Not so easy.

My friend Phillip is a particularly clever engineer so I asked him if he could solder my radiator. He said no he had neither the solder type which he described nor the currency on soldering. I asked if a plumber could do it as that is their work and skill and he said no again. Most of them don’t have that skill these days, they are too accustomed to using new products such as PVC and silastic.
Phillip went on to say that it needs a radiator repair shop for they would suspend in an acid bath for a period and use the correct type of solder. He went on to say he sends his radiators to a radiator shop. Not as simple as I had imagined.
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Old 04-08-2019, 04:55 AM   #29
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Default Re: radiator failure

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Originally Posted by Lawrie View Post
go to a radiator repair shop and get some solder from them,its made in Aus and about 3-4 mm dia, remove the radiator, clean the area with a wire brush and emery paper,then use proper slider flux and a small blue LPG burner thing, avail cheap from Bunnings,
If Terry from Mackay can remove and repair his 28 radiator on the side of the road in WA with his cooking burner,you should be able to do it in your shed.
Lawrie
Sounds like an episode of bush mechanics.
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Old 04-08-2019, 05:41 AM   #30
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Default Re: radiator failure

Bush Mechanics:

Radiator patch: One of the more ingenuous bush mechanics hacks, especially handy in the relentless heat of central Australia, is to use molten lead from the interval plates of an old battery as a soldering agent to repair a cracked radiator. The lead pieces are removed and melted in a camp fire using a metal hubcap as a dish and the lead is then dripped into the radiator cracks.

https://www.facebook.com/bushmechani...1040882430899/
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Old 04-08-2019, 06:41 AM   #31
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Bush Mechanics:

Radiator patch: One of the more ingenuous bush mechanics hacks, especially handy in the relentless heat of central Australia, is to use molten lead from the interval plates of an old battery as a soldering agent to repair a cracked radiator. The lead pieces are removed and melted in a camp fire using a metal hubcap as a dish and the lead is then dripped into the radiator cracks.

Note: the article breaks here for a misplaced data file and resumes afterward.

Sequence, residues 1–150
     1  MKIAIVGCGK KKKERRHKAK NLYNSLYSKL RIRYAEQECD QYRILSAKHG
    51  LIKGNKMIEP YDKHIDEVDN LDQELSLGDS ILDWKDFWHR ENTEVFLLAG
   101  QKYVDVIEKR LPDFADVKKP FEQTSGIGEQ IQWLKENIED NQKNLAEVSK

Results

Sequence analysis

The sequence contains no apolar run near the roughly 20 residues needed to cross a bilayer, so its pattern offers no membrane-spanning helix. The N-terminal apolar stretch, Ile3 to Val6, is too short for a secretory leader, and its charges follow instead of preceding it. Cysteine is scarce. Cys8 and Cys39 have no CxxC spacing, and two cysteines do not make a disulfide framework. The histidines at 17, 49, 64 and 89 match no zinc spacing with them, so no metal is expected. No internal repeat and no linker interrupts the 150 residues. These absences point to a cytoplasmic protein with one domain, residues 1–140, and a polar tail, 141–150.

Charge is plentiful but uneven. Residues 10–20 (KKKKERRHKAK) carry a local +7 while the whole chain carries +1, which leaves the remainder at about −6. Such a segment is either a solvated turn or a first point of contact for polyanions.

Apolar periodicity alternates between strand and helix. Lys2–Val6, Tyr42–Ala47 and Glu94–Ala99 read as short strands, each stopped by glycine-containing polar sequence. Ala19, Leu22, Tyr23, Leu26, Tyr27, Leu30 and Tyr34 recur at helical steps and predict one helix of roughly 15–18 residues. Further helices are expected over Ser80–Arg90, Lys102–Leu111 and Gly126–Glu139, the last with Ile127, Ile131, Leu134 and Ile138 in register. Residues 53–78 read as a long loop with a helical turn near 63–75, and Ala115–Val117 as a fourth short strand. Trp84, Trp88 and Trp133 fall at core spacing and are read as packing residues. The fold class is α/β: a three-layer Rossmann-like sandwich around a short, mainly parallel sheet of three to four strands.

https://www.facebook.com/bushmechani...1040882430899/




Noticed handling the guts if the battery without gloves.
He must have drained acid and flushed with baking soda/water 1st?
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Old 04-09-2019, 02:38 PM   #32
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Default Re: radiator failure

I have repaired cracks in cast iron using the propane torch and solder method. How i lived without the torch until then i don't know. One of the best buys i've ever made.

And that bush mechanics show is legit too.
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Old 06-12-2019, 06:56 AM   #33
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Default Re: radiator failure

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Originally Posted by California Travieso View Post
Shouldn’t be a big challenge for a guy that does crop dusting and flying airplanes!

David Serraano
Hi again David. I've been thinking about your comment above. thinking about it for a long time. Here's what's on my mind. It may surprise you.

I don't believe I have the confidence in myself and this is why. I conduct my occupation in an expert and professional way and I'm good at it. When I go to do other things I have expectations of doing them the same as a professional in that particular field. I know I can't so I don't. But if I do a job it's always messy. I just have expectations of having repairs and maintenance and modifications and builds to a professional standard. Does that sound silly or dumb?
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Old 06-12-2019, 07:14 AM   #34
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Default Re: radiator failure

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Brazing takes more heat then Solder,
I'll finish the sentence: and liable to create localized distortion, grain growth, and embrittlement.